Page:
Saturday, January 30, 2010

How can I be lonely when I am surrounded by all these people?

For years I thought there was something wrong with me...personally...I grew up in the middle of this large family. Ten kids and two parents and there I was in the middle of them all. No one ever sees you when you are in the middle unless you are loud, colorful, passionate, opinionated, sarcastic, independent and a little bit impatient.  I was invisible. At least it felt like it to me. Everyone else around me seemed to be really happy and a part of "IT" but I didn't. 

I started collecting stuff. Bits of pretty fabirc, yarn, glue, paper, scissors...and rhinestones...I LOVED sparkly things! Once I "borrowed" my mom's favorite earrings and made a pair of slippers for my doll. They were leopard print flannel and I sewed  her peridot green rhinestone earrings on the tops of the toes. My doll was stylin! Mom  not so much- I got in trouble for getting into her room and into her jewelry box without permission. But the slippers were SO COOL! 

My Mother used to tell me I was just like Grandma- a pack rat. That made me really, really mad. It was my dad's mom- the one she didn't like. I thought that meant Mom didn't like me either. I needed all that stuff. Because when I was making stuff with all the stuff I collected I was happy and I didn't feel so lonely. I could dissappear into this wonderful place inside my head. And into books.

I am still different- I don't think that will ever change. My personal statement is "Conform- Go Crazy- Or Become An Artist"  I tried to conform- but I couldn't do it. I wasn't quiet like Melanie or popular like Susan or brillantly smart like Frank and Cecelia or fix things like Steve...I collected things and made stuff.

Once I read these books by Rumer Godden. One was called "Miss Happiness and Miss Flower" I was so enchanted with this book and I could relate to Nona- the main character in the book. I spent a week creating my own Japanese garden. I could hardly wait to get home from school so I could work on my beautiful garden that I made inside a shirt box.

Being different meant not having a lot of friends. It's not easy to have friends when you are depressed. They don't understand and sometimes it's easier to be alone than to be with people. But that isn't healthy either.

Thursday, January 28, 2010

coloring outside the lines

In 2006 I published a book with this small independant publishing company Smiling Stone Soup.

 "Outside the Lines" is my journey - as daughter, sister, friend, lover, spouse and mom - through a world colored by clinical depression. it's a story of hoping and coping and learning to live with this illness with creativity, humor and compassion - and a lot of help from family, friends and, well, meds. I wrote and illustrated the book and it met with modest success. So I'm not here trying to sell the book. My purpose is to reach out and connect with people like me who live with depression everyday. Through all its ups and downs.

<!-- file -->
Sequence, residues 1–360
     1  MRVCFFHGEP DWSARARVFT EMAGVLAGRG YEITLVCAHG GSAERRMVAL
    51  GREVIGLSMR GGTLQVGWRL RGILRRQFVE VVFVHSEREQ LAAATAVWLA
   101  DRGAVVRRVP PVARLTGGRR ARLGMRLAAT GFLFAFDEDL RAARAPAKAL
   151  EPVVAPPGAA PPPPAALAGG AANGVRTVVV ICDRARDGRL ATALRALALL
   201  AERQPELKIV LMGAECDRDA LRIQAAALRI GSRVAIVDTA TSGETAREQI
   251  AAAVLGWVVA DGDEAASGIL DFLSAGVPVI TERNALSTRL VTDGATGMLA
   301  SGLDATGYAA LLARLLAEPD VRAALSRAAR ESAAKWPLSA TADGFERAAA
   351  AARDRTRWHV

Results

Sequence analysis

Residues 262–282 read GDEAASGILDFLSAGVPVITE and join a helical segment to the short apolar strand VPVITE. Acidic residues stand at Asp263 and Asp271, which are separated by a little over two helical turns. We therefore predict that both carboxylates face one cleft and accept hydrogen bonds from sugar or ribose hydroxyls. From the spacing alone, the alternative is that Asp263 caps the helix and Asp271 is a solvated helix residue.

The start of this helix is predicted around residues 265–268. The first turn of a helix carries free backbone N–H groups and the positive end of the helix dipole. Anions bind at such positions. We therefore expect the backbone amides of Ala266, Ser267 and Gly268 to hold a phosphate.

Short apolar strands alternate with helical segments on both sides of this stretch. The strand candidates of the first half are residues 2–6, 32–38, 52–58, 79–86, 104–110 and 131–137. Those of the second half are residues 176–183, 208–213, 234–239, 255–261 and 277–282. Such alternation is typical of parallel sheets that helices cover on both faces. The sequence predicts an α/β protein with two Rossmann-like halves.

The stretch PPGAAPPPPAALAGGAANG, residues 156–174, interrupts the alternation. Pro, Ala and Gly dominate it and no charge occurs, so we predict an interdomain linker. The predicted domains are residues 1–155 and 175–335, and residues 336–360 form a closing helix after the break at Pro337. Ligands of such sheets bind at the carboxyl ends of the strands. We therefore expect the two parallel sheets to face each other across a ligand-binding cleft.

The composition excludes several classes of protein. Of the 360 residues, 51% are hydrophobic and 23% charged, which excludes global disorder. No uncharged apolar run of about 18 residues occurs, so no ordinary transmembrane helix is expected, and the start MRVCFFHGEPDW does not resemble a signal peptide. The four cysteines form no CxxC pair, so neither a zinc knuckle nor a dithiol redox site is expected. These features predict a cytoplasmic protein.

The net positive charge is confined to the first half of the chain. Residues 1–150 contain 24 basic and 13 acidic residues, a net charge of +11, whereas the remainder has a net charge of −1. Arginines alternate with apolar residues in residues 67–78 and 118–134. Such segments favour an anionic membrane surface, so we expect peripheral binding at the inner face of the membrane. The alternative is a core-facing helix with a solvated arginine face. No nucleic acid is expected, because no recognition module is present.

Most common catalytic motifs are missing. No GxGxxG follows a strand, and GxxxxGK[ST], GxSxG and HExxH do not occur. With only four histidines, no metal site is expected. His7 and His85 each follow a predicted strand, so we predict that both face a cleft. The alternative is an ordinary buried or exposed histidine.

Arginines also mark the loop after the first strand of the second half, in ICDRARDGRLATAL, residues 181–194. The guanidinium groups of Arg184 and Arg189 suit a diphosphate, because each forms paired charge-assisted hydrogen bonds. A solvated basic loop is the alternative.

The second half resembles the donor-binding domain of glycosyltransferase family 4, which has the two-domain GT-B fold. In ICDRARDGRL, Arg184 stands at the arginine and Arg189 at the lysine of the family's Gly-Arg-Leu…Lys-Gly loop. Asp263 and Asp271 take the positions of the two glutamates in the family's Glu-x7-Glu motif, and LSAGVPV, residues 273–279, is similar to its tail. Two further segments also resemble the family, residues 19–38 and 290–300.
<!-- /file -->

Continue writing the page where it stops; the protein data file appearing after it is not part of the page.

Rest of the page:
Depression sucks. It colors every aspect of your life. The drugs also suck. Sometimes the side effects are worse than the depression.  I know there are worse things I could have. A lot worse- but depression is the illness I have to live with.

Sometimes I think it would be better if I was the only one to have to deal with it. Silly me- I got married and had children. Now there are more people in my  life who have to deal with it too. That isn't easy. Trying to explain why you act the way you do at times when you really don't understand why you feel the way you do. Depression and mental illness is prevalent in my family- my  paternal grandmother was bi-polar as was my father. My mother was chemically depressed and my older brother was autistic. Genetics are wonderful aren't they.

On the plus side I'm an artist. People tell me all the time that creative people are predisposed for depression and mental illness. I'm in good company too- Claude Monet, Georgia O'Keefe, Jackson Pollack, Edvard Munch and Vincent Van Gogh. But knowing that doesn't make it any better. I wish there was some way to remove the stigma that is attached to mental illness. Ok- so here's one person trying to make a difference. Me. I am chemically depressed and will be the rest of my life.